A Pablo Picasso portrait, a classical pastel of a woman done by the artist in 1923, sold for $4.3 million tonight at an auction of masterworks that brought in a total of $21 million.
The Picasso, "Femme Assise au Chapeau," was bought by California's Norton Simon Museum. It was the top lot in the sale of 63 works at Christie's here and one of eight Picassos put up for auction.
"Femme Assise au Chapeau," which had been hanging in the Tate Gallery in London since 1958, was sold by the Edward James Foundation, an educational charity that had loaned the picture to the Tate.
Publisher Walter Annenberg contributed a Picasso and three other pictures to the sale. A 1925 portrait of a woman and guitar, "Femme a la Mandoline," was purchased for $1.9 million over the telephone by an anonymous buyer.
But Annenberg's rare and early Claude Monet garden landscapes sparked the most interest. At $2.1 million, "La Promenade (Argenteuil)," dated 1875, was sold to Henryk de Kwiatkowski, an airplane manufacturer and horse breeder living in the Bahamas.
"I just don't have room for the pictures. That's why I am selling them," said Annenberg through a spokesman.
A record for the artist Amedeo Modigliani was set when a portrait of a boy with red hair and turquoise eyes sold for $1.9 million. Penthouse publisher Bob Guccione, decked out in gold chains and a fur coat, placed the final bid on "Giovanotto dai Capelli Rossi" (1919). He then left the salesroom.
A painting by Georges Braque, "Paysage a L'Estaque" (1906), a rare and extraordinary Fauve-period picture, was sold for $605,000 to an unidentified collector. There was some debate after the sale over whether a picture by Braque had not sold for a higher amount earlier.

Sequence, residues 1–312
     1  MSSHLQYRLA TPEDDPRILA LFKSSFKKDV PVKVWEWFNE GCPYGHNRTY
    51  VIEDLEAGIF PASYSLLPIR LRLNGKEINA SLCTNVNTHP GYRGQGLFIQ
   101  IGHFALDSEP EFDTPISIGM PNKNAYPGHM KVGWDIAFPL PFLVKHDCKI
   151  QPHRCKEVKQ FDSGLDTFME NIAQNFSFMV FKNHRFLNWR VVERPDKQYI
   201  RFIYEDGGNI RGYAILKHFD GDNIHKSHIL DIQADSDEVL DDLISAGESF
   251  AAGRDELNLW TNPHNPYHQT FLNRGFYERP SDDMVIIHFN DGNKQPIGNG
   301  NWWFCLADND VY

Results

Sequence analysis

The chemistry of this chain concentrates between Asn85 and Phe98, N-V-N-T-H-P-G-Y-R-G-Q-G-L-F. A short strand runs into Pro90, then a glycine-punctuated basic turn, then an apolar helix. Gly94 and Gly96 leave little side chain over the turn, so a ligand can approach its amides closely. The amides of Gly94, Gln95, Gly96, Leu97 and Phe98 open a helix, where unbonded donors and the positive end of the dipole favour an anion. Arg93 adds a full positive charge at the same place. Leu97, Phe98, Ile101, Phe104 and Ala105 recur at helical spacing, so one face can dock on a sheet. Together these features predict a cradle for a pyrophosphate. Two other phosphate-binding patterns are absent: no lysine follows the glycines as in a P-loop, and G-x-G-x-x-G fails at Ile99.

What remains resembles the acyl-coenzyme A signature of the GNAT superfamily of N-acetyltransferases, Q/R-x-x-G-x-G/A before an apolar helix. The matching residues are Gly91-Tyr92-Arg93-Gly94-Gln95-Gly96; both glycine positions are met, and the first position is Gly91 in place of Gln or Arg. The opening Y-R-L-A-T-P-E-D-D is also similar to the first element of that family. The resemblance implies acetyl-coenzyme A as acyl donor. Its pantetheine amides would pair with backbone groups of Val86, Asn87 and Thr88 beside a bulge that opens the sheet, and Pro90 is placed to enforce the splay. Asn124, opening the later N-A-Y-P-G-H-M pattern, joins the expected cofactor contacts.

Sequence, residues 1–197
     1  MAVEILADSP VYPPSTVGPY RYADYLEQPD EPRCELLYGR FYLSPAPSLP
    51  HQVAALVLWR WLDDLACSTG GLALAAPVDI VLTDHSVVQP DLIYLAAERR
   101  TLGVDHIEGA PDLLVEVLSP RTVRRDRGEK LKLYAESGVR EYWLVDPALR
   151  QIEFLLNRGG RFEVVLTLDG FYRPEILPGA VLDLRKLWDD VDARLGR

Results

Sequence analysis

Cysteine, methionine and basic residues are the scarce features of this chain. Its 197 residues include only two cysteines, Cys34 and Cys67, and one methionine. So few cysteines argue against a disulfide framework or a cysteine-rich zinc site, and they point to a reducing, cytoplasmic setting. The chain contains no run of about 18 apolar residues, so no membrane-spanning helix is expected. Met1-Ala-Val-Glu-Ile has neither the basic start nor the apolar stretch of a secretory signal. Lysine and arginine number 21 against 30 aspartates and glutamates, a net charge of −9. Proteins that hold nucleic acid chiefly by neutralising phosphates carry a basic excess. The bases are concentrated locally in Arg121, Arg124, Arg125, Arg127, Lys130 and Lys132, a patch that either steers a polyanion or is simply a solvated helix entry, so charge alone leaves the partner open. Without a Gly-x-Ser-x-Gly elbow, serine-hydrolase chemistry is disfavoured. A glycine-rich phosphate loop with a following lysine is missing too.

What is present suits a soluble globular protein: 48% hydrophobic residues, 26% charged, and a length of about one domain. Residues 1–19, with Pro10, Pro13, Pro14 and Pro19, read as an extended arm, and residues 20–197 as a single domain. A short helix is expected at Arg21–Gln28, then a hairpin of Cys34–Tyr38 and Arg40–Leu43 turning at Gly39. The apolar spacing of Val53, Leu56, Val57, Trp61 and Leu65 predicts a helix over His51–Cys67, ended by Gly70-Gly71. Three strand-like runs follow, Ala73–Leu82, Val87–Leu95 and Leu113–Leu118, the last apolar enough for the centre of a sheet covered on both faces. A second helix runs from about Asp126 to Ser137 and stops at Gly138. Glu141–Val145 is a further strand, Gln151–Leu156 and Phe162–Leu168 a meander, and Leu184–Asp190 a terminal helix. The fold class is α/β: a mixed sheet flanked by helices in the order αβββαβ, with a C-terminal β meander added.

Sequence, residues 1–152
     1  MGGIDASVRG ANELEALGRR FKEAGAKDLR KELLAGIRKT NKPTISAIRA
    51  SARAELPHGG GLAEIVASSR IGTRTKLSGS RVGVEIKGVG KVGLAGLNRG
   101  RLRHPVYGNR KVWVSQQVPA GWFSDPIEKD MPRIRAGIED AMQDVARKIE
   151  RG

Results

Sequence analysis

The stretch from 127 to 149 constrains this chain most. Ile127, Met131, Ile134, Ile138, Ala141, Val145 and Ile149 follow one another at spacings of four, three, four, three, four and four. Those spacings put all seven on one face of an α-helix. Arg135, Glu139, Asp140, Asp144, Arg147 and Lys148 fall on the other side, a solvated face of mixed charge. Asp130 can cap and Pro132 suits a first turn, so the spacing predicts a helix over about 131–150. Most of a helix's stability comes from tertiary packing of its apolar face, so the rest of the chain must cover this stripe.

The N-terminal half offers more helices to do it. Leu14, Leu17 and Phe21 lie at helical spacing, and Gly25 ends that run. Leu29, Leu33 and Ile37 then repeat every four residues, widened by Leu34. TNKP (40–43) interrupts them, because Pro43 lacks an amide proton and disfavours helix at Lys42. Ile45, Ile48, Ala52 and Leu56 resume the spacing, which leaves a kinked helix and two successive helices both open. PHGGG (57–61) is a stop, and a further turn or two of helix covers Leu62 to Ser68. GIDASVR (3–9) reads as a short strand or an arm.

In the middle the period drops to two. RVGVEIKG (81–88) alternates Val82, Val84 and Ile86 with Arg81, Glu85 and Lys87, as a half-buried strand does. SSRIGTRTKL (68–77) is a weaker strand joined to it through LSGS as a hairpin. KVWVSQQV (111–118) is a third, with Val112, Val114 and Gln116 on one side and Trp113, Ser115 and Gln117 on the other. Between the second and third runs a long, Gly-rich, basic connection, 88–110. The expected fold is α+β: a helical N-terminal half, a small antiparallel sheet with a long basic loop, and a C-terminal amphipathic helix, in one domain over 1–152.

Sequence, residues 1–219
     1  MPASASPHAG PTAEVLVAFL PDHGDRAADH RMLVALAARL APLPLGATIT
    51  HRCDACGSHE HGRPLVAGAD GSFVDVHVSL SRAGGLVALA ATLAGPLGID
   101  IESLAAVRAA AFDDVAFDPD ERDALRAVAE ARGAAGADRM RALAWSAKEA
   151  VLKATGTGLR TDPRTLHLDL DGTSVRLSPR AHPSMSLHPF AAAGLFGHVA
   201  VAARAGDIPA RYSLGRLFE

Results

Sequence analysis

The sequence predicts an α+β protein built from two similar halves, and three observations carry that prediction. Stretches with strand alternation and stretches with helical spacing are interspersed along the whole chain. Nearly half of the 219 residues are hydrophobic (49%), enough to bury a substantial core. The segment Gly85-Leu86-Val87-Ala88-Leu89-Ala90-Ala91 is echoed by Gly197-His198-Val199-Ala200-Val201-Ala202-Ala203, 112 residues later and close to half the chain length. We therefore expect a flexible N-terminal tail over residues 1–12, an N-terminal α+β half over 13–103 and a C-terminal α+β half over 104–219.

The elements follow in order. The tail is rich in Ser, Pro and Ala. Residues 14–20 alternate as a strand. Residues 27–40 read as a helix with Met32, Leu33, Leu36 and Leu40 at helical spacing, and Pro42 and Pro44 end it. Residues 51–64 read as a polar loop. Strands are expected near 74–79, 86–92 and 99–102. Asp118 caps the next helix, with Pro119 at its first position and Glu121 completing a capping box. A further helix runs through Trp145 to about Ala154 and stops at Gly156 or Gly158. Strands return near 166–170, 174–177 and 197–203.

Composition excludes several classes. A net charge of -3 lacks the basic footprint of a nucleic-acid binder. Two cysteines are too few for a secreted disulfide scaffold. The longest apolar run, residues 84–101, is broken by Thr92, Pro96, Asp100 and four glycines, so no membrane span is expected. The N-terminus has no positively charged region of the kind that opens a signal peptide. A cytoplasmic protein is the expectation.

But the star tonight was Picasso, although there were no early sought-after pictures by the artist in the sale -- like the 1901 "Yo Picasso," which brought a record $5.3 million at a previous auction. The Picassos auctioned tonight were:
* "Nature Morte, Te te de Mort, Poireaux et Pot" (1945), for $632,000;
* "Le Peinture et son Mode le," a late 1962 painting of the artist at work at his easel drawing a nude model, for $209,000;
* "Nu Couche'," an even later 1968 abstract reclining nude, which garnered a $220,000 bid;
* "Homme a la Pipe et Fleur," a wildly expressionistic canvas of a man smoking a pipe next to what may be a sunflower, which brought $297,000;
* "Buste d'Homme" (1969), a portait of a man, for $165,000;
"Comptier et Guitare" (1927-29) was the only disappointment tonight. The late Cubist study of a guitar and figure failed to meet the consignor's minimum price.
The sale started at 7 p.m. and continued for nearly two hours. The late artist's daughter Paloma Picasso, as well as Bianca Jagger and some 600 art fanciers, crowded into the main salesroom and two adjacent rooms.
The main excitement of the evening came 25 minutes into the sale when the Annenberg Monet brought several bidders to their feet followed by a round of applause.
"I will tell you something," said de Kwiatkowski, the new owner of the Monet, who had flown in just for the sale after buying $10 million worth of horses in Kentucky. "I am a good friend of Mr. Annenberg's. I just had dinner with him two nights ago in Los Angeles. But I didn't know until tonight that it was his Monet. If I had known, I would have bought it from him after dinner." CAPTION: Picture, Detail from Picasso's "Femme Assise au Chapeau," which sold for $4.3 million. Courtesy of Christie's New York